Clarissa Kraayenbrink- Staff Writer
On Mar. 24, Lewis was driving back to campus after a job interview near his home in Glenwood, IA, when he smashed into a truck.
“I remember getting gas and saying bye to my mom before I left,” Jacob Lewis said. “I remember getting on the highway, and then that’s all I remember until I woke up two weeks later.”
It was a snowy and icy day when Lewis’s car hit a patch of slush heading north out of Merrill, IA, and collided with a semi-truck. The collision flipped the semi, and Lewis’s car was totaled.
First responders from Mercy Air Care in Sioux City, IA, came in a helicopter to pick Lewis up and take him to the hospital. Dean of Chapel Aaron Baart, Dean of Students Robert Taylor and Assistant Basketball Coach Derek Keizer drove down to Sioux City where they hoped they could meet and pray with Lewis.
“The medical staff invited Derek and I into where they were prepping him for a life flight,” Baart said. “There, we got to pray over him and over the doctors and nurses as they scrambled. It was scary. Even some of the nurses were crying and his life certainly seemed [to be] in jeopardy at that time.”
Not much time passed when the medical staff determined that they could not care for Lewis in Sioux City. In critical condition, they airlifted him to Omaha, NE, where he received over 24 hours of surgeries. Lewis suffered many fractures, most notably in his vertebrae and pelvis.
“What was really remarkable — and a miracle from God, for sure — was that he did not sustain any head injuries,” said men’s basketball head coach Ross Douma. “But really from his neck down to his knees, he had something that was broken or injured virtually every four inches.”
Lewis was eventually moved to Madonna Rehabilitation Hospital in Lincoln, NE, where he relearned how to stand and walk and perform activities of daily living. The basketball team visited him while he was at Madonna to lift his spirits and get his mind off rehab for a while.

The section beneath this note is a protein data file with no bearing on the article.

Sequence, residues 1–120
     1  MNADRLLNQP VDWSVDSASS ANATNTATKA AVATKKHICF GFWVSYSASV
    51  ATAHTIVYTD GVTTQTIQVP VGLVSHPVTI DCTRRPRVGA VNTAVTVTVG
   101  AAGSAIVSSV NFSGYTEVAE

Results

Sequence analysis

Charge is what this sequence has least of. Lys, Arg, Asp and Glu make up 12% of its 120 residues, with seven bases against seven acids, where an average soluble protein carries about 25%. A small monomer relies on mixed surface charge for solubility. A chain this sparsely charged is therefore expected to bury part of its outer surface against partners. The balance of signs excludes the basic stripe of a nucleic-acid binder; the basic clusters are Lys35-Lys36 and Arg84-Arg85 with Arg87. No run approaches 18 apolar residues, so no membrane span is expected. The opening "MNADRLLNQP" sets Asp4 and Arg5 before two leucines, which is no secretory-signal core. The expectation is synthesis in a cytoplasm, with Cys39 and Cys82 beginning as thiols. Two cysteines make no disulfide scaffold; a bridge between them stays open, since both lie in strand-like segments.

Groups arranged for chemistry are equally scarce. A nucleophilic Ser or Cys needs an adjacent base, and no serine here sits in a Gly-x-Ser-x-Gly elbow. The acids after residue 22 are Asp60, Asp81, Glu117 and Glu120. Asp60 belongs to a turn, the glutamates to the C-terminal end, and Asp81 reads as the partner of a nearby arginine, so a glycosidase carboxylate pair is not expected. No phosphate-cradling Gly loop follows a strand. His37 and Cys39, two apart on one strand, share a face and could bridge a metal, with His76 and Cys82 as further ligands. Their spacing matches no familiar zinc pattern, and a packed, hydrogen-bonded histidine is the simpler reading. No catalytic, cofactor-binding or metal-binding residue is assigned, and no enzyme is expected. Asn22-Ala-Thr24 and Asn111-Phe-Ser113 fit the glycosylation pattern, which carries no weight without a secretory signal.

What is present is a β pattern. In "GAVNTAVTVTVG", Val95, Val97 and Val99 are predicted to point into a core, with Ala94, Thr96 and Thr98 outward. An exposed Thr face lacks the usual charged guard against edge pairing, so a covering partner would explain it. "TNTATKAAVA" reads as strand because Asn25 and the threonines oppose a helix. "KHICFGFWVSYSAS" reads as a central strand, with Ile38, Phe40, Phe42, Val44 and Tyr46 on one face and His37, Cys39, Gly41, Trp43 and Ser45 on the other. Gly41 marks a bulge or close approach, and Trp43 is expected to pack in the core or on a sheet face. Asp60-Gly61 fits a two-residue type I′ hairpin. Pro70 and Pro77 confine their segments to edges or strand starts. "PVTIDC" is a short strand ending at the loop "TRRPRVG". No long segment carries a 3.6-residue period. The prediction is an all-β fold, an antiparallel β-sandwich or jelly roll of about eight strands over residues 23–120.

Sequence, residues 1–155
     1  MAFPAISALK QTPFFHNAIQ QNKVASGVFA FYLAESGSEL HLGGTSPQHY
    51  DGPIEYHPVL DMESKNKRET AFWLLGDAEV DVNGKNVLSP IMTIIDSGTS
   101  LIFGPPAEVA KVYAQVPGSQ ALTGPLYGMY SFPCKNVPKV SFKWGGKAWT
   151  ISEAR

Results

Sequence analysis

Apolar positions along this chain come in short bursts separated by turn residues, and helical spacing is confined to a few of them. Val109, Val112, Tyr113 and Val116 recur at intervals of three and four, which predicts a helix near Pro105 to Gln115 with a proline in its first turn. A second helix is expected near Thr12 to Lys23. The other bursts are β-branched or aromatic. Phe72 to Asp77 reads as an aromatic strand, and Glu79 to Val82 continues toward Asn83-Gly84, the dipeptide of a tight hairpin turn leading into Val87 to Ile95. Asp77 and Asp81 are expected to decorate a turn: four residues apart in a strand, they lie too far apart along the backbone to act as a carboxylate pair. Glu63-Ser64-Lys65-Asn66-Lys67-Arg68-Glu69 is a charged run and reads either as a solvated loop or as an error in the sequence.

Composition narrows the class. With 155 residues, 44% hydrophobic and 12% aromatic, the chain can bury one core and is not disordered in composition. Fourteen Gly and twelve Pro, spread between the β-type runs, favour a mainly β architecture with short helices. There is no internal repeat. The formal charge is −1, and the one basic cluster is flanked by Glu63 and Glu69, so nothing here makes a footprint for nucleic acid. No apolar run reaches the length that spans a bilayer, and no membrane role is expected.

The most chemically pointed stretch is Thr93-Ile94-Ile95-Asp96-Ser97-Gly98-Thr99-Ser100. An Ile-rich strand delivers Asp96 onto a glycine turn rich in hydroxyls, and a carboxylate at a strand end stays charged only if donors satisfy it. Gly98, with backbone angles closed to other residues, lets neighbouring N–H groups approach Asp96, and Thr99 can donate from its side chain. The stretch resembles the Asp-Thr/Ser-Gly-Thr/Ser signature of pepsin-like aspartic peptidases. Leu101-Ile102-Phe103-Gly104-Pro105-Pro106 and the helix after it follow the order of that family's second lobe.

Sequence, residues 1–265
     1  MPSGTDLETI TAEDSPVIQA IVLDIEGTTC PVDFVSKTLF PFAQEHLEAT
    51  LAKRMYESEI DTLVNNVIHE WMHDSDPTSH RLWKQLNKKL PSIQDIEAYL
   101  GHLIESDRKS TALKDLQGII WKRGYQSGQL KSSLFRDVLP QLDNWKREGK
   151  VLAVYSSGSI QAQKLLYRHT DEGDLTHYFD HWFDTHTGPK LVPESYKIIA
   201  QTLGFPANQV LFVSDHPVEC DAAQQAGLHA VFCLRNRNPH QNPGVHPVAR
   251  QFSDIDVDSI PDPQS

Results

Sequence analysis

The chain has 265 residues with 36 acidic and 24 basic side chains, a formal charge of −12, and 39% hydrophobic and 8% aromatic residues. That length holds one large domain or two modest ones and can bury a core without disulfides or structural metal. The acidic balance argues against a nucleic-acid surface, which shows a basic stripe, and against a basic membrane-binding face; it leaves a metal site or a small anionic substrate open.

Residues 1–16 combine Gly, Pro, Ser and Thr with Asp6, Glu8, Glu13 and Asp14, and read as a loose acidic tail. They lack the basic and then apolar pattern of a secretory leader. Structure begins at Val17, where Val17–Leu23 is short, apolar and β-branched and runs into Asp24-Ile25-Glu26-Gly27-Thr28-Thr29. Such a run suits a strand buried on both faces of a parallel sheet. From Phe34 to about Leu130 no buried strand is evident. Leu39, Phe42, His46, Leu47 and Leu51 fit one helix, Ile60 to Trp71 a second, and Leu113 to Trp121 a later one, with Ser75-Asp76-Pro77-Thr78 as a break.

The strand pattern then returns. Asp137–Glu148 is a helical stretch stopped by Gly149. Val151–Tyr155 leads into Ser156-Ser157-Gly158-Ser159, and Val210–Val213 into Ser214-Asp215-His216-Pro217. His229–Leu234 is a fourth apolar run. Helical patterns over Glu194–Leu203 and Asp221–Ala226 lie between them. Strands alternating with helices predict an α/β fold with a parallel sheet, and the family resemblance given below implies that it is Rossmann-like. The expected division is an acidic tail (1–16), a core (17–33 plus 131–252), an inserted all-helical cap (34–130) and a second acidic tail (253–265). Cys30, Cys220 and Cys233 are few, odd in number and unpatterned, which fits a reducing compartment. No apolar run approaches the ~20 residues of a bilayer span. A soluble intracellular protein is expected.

“There was a lot of joking and normal talk,” Lewis said. “They did a good job of not dwelling on [the accident] or talking about it too much.”
Rehab progressed well in the coming months, even allowing Lewis to return to Dordt and to his basketball family this fall. He found the toughest part of his rehab to be not necessarily the physical aspect, but the mental.
“I had to ask my parents and nurses for everything,” Lewis said. “That was pretty tough, being a 19-year-old college student living on my own. That was probably the worst — having to rely on everybody for everything from feeding me to getting a glass of water.”
Lewis said this experience will help him relate to others better as he plans to become a physical therapist someday.
“I’m looking forward to being on the other end of it,” Lewis said. “My therapists at Madonna and at home think it would be a good way for me to relate with patients who come in, knowing what they’re going through. Being in the hospital and then the rehab center and then outpatient, it’s helped me make my decision in that area.”
Back at school, Lewis is working with Dordt’s athletic trainers two to three times a week to get his strength and coordination back. Although he won’t be on the basketball court this season, he will be helping out the team in other aspects as a student manager, encourager and friend.
“He’s been a real, positive example of somebody who just keeps on fighting,” Douma said. “He had two concussions during the season last year that kept him out and he was undeterred. He had a rough freshman year, in many regards. It would’ve been easy for a lot of people to just throw in the towel and look for another school close to home. But he wanted to come back and finish what he started. I think that really speaks volumes about him and his character and how he was raised.”